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Volume 2013 (2013), Article ID 689564, 6 pages
A New Insight into the Morphology of the Human Liver: A Cadaveric Study
1Maharajah’s Institute of Medical Sciences, Nellimarla, Vizianagaram District, Andhra Pradesh 535217, India
2Narayana Medical College, Chintareddy Palem, Nellore, Andhra Pradesh 524003, India
Received 3 October 2013; Accepted 12 November 2013
Academic Editors: C. Casteleyn, M. C. Killingsworth, and M. Nakamura
Copyright © 2013 Sunitha Vinnakota and Neelee Jayasree. This is an open access article distributed under the Creative Commons Attribution License, which permits unrestricted use, distribution, and reproduction in any medium, provided the original work is properly cited.
Background. Day to day advances in the fields of radiology like sonography and CT need to revive interest in the cadaveric study of morphological features of liver, as the accessory fissures are a potential source of diagnostic errors. Accessory fissures vary from single to multiple over different parts of the liver. Aim. In the present study the morphological features of human liver specimens were evaluated by macroscopic examination and morphometric analysis. Methods. The study was conducted on 58 specimens obtained from cadavers utilized for routine dissection for medical undergraduates from the year 2004 to 2012 in the Anatomy Department of MIMS Medical College. Results. In the present study the livers as described in the established anatomical literature with normal surfaces, fissures, and borders were considered normal. Out of the 58 specimens, 24 were normal without any accessory fissures or lobes and with normal contours. Two specimens were with hypoplastic left lobes. Lingular process of left lobe was observed in only one specimen. Conclusions. Knowledge of the various accessory fissures of liver prevents misdiagnosis of cystic lesions or any pathological lesions of the liver.
Liver is the most massive of the viscera, occupying a substantial portion of abdominal cavity, that is, right hypochondrium and epigastrium, and extending into left hypochondrium as far as left lateral line . It is a wedge shaped organ with its narrow end pointing towards left. It is convex in the front, to the right, above, and behind, and is somewhat concave inferiorly, where it is moulded to the shapes of the adjacent viscera . Even though the surface is smoothly continuous, liver is customarily apportioned by anatomists into a larger right and a much smaller left lobe by the line of attachment of the falciform ligament anteriorly and the fissure for ligamentum teres and ligamentum venosum on inferior surface. In addition to the right and left lobes, there are two additional lobes, a quadrate lobe in the front and the caudate lobe behind, separated from each other by the porta hepatis (Figure 1).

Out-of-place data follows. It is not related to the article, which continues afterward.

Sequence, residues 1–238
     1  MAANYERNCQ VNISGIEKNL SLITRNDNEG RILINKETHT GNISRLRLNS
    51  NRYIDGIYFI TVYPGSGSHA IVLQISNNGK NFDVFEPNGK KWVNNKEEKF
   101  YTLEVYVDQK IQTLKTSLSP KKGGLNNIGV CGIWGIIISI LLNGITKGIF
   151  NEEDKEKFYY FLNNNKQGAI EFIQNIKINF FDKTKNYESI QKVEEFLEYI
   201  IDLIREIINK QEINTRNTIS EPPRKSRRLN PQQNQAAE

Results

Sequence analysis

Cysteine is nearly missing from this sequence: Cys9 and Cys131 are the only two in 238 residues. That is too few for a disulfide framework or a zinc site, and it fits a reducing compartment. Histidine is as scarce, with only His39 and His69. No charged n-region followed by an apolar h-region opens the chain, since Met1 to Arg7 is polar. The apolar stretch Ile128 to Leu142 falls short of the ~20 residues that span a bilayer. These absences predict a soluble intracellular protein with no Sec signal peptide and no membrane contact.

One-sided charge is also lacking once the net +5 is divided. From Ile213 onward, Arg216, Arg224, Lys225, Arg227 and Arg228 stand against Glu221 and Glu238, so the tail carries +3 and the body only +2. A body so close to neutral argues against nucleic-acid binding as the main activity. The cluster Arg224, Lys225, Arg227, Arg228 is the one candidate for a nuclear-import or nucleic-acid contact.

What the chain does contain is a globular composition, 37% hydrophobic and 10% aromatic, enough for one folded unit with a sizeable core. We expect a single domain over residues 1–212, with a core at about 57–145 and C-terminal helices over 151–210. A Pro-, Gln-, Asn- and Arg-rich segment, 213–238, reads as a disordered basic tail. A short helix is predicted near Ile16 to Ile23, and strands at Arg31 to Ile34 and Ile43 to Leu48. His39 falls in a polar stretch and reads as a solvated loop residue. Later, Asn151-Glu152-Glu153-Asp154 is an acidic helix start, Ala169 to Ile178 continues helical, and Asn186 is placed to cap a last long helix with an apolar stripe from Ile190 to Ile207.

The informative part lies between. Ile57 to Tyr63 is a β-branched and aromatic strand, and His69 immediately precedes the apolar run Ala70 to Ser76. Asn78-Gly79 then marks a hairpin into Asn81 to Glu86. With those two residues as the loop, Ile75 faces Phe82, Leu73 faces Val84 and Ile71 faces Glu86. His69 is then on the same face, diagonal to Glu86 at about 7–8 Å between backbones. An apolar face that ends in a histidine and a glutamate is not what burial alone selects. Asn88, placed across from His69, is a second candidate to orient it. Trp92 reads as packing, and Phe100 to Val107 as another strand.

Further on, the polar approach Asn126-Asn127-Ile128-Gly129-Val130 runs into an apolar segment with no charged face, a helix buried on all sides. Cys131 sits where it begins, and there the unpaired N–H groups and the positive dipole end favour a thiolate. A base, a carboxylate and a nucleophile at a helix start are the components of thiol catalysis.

Quadrate lobe visible on the inferior surface appears somewhat rectangular and is bounded in the front by the inferior border, on the left by fissure for ligamentum teres, behind by porta hepatis, and on the right by the fossa for the gall bladder (Figure 1).
The caudate lobe is visible on the posterior surface, bounded on the left by fissure for ligamentum venosum, below by porta hepatis, and on the right by the groove for inferior vena cava. Above, it continues into the superior surface. Below and to the right, it has a narrow caudate process. Below and to left it has a small round papillary process (Figure 1).
Gross abnormalities of liver are rare despite its complex development. The more common gross abnormalities are irregularities in form, number of lobules, and in the presence of cysts. A less common abnormality is occurrence of one or more accessory liver or lobes .
2. Materials and Methods
58 liver specimens available in the Anatomy Department of Maharajah’s Institute of Medical Sciences constituted the study material. The liver specimens had been removed from adult human cadavers during routine dissection for medical undergraduate students from the year 2004 to 2012 and then preserved in 10% of formalin.
Each lobe of the liver, that is, right lobe, left lobe, caudate lobe, and quadrate lobe was studied in detail for the size, shape, accessory fissures, and accessory lobes. The morphometric data included weight, maximum vertical height, and maximum width.
3.1. Morphometric Data
The weight of the livers ranged from 900 grams to 2 kg. The maximum height ranged from 9 cm to 24 cm. The maximum width ranged from 11.8 cm to 20 cm.
3.2. Morphological Aspects
In the present study the livers with normal surfaces, fissures, and borders were considered normal. Out of the 58 specimens, 24 (41.37%) were normal without any accessory fissures or lobes and with normal contour (Figure 1). Out of the remaining 34 specimens, 31 (53.44%) specimens, even though they appear normal, they had accessory fissures on the left lobe, right lobe, caudate lobe, and quadrate lobe, which resulted in the formation of accessory lobes. Hypoplastic left lobes were noted in 2 (3.44%) specimens. Lingular process of left lobe was present only in 1 specimen (1.72%) (Table 1).